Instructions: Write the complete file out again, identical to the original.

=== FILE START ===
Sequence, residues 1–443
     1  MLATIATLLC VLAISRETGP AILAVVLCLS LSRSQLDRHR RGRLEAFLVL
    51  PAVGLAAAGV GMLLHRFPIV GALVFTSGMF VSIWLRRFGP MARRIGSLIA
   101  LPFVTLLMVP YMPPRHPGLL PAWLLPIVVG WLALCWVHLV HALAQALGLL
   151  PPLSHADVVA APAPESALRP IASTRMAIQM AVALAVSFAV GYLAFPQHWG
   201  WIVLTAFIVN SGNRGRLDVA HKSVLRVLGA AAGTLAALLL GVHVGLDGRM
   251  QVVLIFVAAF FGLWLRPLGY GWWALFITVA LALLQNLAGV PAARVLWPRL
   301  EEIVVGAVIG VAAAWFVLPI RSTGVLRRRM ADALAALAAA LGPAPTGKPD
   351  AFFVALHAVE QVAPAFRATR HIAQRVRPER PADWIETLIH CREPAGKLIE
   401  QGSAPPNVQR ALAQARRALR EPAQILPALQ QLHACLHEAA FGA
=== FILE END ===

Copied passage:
Sequence, residues 1–443
     1  MLATIATLLC VLAISRETGP AILAVVLCLS LSRSQLDRHR RGRLEAFLVL
    51  PAVGLAAAGV GMLLHRFPIV GALVFTSGMF VSIWLRRFGP MARRIGSLIA
   101  LPFVTLLMVP YMPPRHPGLL PAWLLPIVVG WLALCWVHLV HALAQALGLL
   151  PPLSHADVVA APAPESALRP IASTRMAIQM AVALAVSFAV GYLAFPQHWG
   201  WIVLTAFIVN SGNRGRLDVA HKSVLRVLGA AAGTLAALLL GVHVGLDGRM
   251  QVVLIFVAAF FGLWLRPLGY GWWALFITVA LALLQNLAGV PAARVLWPRL
   301  EEIVVGAVIG VAAAWFVLPI RSTGVLRRRM ADALAALAAA LGPAPTGKPD
   351  AFFVALHAVE QVAPAFRATR HIAQRVRPER PADWIETLIH CREPAGKLIE
   401  QGSAPPNVQR ALAQARRALR EPAQILPALQ QLHACLHEAA FGA